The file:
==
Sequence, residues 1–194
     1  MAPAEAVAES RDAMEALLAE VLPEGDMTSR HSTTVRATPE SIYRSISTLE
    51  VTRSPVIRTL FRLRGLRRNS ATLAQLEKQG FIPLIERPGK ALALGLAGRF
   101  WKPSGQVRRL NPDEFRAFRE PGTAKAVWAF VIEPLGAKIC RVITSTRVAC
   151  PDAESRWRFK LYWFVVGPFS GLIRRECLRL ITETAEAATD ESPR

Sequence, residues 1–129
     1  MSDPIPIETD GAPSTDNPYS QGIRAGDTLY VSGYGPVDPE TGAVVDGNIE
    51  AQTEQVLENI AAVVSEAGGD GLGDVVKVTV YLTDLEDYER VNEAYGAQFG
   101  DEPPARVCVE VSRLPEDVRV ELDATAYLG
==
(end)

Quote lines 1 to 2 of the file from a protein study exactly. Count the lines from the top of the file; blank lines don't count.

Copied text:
Sequence, residues 1–194
     1  MAPAEAVAES RDAMEALLAE VLPEGDMTSR HSTTVRATPE SIYRSISTLE